The Wire almost always restricts itself to a straightforward form of storytelling that gives it a sense of journalistic realism. As a result, the few scenes that do stray off the linear narrative trail stand out so much. There are the notable examples like the five montages that serve as season-ending epilogues. There are some other early anomalies, like D’Angelo’s brief flashback at the end of “The Target” or Avon’s slow-mo, soundtracked trip to the Pit in “The Wire.”
This past Spring, David Simon sat down for a long, fascinating interview with Alan Sepinwall on how The Wire has been received in the four years since its finale. At the end of the interview, Sepinwall asked if there were any parts of the show that the audience did not properly understand, and Simon went right to the idea of corruption. He specifically mentioned Rawls and Burrell. These two bureaucratic titans consistently served as antagonists to the more independent-minded detectives like McNulty and Freamon. But that doesn’t make them corrupt.
There are few social experiences more uncomfortable than being at a party where you don’t know anybody. Everybody else looks so at ease, so happy to be in the presence of others just like them. Everybody just belongs. But for that poor, abandoned party-goer, the perceived sense that others belong only exacerbates the feeling that they don’t, that they have been left out of the club.
David Foster Wallace, the brilliant, troubled writer who took his own life in 2008, spent part of his final months watching The Wire. According to this account, he called it “the best writing being done in America today,” and you can assume that the painfully-self-conscious Wallace included his own writing in that pool.
This affinity for The Wire should come as no surprise to anybody who has read enough of Wallace’s writings. Like those works, The Wire is concerned with the ways our fragmented postmodern world causes despair, addiction, and social devastation. Wallace was also obsessed with logic puzzles and paradoxes of the type which infest the show. One of my favorite examples comes from Broom of the System, Wallace’s first novel, where he describes a game of chutes and ladders slightly different than the one most people played in their childhood.
There is a funny moment in the middle of “The Wire” that shows just how many characters are reaching key turning points with the Barksdale investigation. It is nine in the morning and there is already a lot of action in the detail office. Freamon briefs Kima and McNulty on the results of the first day of listening in on the phone calls, when Polk stumbles in, “lit” possibly from the night before, possibly from this morning. McNulty gets a page from Bunk. Daniels sees how drunk Polk is and calls him into his office.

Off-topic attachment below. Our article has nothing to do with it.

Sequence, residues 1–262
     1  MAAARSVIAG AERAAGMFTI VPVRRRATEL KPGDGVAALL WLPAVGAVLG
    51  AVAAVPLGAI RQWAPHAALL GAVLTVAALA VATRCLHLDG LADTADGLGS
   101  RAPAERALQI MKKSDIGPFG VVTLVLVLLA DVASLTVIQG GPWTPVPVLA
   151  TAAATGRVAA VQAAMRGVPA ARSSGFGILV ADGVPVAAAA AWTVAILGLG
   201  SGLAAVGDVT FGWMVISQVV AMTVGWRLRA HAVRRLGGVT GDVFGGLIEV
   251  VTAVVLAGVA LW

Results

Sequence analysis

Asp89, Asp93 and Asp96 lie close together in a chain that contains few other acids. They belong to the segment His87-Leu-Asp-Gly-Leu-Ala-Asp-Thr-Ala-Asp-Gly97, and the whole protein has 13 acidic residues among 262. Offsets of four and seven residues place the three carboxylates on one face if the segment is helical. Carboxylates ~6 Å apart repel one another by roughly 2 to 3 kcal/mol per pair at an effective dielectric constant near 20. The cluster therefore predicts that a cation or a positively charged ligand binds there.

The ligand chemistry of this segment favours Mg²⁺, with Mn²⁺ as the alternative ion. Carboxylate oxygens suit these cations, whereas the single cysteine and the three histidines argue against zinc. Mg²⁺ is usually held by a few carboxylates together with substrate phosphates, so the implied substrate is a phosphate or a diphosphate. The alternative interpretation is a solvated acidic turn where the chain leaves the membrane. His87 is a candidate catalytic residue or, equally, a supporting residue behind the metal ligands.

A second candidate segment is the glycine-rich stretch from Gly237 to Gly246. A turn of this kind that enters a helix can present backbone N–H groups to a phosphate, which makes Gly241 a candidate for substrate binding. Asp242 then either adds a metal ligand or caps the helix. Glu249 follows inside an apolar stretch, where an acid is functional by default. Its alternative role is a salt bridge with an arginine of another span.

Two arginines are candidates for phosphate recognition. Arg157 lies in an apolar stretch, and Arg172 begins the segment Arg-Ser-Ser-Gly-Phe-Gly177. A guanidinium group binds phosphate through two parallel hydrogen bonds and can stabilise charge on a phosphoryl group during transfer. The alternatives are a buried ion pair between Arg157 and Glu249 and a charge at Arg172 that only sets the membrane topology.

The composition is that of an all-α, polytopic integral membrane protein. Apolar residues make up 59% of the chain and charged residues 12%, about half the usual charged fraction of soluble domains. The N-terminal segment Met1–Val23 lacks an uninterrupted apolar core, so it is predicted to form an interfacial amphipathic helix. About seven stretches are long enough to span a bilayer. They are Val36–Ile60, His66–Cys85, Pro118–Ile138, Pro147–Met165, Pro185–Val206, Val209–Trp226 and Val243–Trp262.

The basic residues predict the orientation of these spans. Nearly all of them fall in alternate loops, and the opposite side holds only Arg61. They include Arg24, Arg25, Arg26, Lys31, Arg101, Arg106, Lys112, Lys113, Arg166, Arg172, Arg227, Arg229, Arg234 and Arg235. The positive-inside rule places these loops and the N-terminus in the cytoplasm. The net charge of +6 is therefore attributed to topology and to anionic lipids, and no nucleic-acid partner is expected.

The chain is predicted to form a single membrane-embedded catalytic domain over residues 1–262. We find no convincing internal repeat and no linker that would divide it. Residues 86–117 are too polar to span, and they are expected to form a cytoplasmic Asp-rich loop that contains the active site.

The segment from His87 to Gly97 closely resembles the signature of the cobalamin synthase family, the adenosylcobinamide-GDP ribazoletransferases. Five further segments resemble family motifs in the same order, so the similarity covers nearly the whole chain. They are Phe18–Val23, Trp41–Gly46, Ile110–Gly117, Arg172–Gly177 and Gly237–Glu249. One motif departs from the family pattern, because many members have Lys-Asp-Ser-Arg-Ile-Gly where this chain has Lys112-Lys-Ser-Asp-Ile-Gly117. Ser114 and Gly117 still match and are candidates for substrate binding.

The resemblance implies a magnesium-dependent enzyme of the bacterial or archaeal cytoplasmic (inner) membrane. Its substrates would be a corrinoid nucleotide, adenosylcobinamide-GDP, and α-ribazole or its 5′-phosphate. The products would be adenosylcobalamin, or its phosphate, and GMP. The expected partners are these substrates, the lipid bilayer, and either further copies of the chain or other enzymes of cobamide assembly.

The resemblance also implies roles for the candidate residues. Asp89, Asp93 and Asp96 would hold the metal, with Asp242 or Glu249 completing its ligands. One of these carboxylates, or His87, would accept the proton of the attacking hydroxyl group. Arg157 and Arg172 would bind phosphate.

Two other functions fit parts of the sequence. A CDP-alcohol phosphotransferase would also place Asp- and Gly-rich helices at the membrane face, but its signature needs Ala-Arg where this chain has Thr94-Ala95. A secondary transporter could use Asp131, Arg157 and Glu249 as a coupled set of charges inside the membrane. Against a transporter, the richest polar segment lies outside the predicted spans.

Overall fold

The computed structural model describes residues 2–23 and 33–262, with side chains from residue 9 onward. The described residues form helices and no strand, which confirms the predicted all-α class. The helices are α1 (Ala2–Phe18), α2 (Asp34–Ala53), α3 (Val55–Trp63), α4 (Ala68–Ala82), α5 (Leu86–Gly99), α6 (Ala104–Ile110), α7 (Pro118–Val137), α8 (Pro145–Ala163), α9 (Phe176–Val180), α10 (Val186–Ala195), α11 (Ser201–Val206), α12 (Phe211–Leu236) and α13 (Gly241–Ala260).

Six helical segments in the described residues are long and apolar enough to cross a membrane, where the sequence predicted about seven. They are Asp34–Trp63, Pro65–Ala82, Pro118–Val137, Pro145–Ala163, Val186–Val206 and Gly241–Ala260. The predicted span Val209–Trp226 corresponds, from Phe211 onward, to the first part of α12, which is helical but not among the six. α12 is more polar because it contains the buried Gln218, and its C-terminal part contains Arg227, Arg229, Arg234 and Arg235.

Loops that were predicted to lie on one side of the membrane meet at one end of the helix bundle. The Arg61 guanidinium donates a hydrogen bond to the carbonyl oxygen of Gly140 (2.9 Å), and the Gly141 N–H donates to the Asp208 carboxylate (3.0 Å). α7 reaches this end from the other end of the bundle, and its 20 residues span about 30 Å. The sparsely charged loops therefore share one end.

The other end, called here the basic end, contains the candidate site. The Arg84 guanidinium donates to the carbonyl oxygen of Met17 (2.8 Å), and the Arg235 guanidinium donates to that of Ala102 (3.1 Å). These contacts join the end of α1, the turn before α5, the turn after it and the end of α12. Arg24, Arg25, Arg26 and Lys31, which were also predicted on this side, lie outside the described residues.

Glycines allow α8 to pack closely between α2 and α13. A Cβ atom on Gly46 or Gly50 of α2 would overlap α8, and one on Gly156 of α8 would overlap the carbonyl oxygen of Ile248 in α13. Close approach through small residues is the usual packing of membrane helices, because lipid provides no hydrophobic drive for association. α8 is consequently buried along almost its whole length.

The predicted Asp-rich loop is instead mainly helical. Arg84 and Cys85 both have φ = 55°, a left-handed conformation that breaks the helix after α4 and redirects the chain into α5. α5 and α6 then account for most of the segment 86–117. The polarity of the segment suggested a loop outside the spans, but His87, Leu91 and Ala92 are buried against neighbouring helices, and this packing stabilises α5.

“The Buys” ends with a small joke that reflects a common dilemma. It a moment where a character accidentally reveals a lapse in his understanding of a foreign world. The episode already has several examples of this, like Polk and Mahone’s attempt to get Avon’s picture, or Sydnor’s half-assed undercover disguise. But in the final scene, the lapse of understanding parallels the conflict that lies at the very heart of the detail.
“Get out of it.”—Marla
“How do I do that?”—Cedric
Throughout the first half of “The Details,” Daniels seems to be pretty pessimistic about the quality of his new group of detectives. When he negotiates with Cantrell for Sydnor, he says “I’ll carry Pryzbylewski for as long as I can.” By the end of the episode, it is clear that, if anything, Daniels was being optimistic. He may not even be able to carry the pistol-whipping Prez for more than a day. If anything, the riot is the easy part for Daniels. Managing the political and ethical considerations will be the real headache for this beleaguered commander.
“Not a thing.”—McNulty
When Daniels, the Barksdale investigation’s head, realizes that his detail is being cast aside by the department, he reacts by engaging in intense political negotiations for better personnel. When McNulty, the investigation’s shadowy spiritual head, realizes this, he reacts by putting on a show.
“I owe you, okay?”—Cantrell
Daniels is immediately reluctant to head the newly-formed Barksdale Detail, but it’s not until the opening scenes of “The Detail” that he begins to realize the real scope of his predicament. It’s starts off with the detail’s exile to the basement, but then he sees the parade of humps who Burrell gave him for the case. They appear to be a ragged assortment: two lazy drunks hiding behind seniority, a dull wall-shooting reject, and a mute wallflower absorbed in his own strange trinkets. Daniels asks for more manpower, and he gets the department’s waste (“dead wood,” “garbage”). At this point he realizes that he is being dragged down into the quicksand of departmental politics courtesy of a special force known as “suction.”
“Just some sadass down in the basement…”—D’Angelo
While McNulty is busy digging himself deeper into the case by stoking Judge Phelan’s interest in the Barksdales, the other members of the ragtag newly-formed detail move into their new home, and it’s not pretty. With Daniels in the lead, Kima, Carver, Herc and Santangelo follow like a row of ducklings. He opens the door that leads to a basement. We see a low angle shot, looking up a darkened stairway at a group of peons whose relocation to this murky subterranean world should remind Office Space fans of squirrely Milton’s slow stuttering descent into Storage B.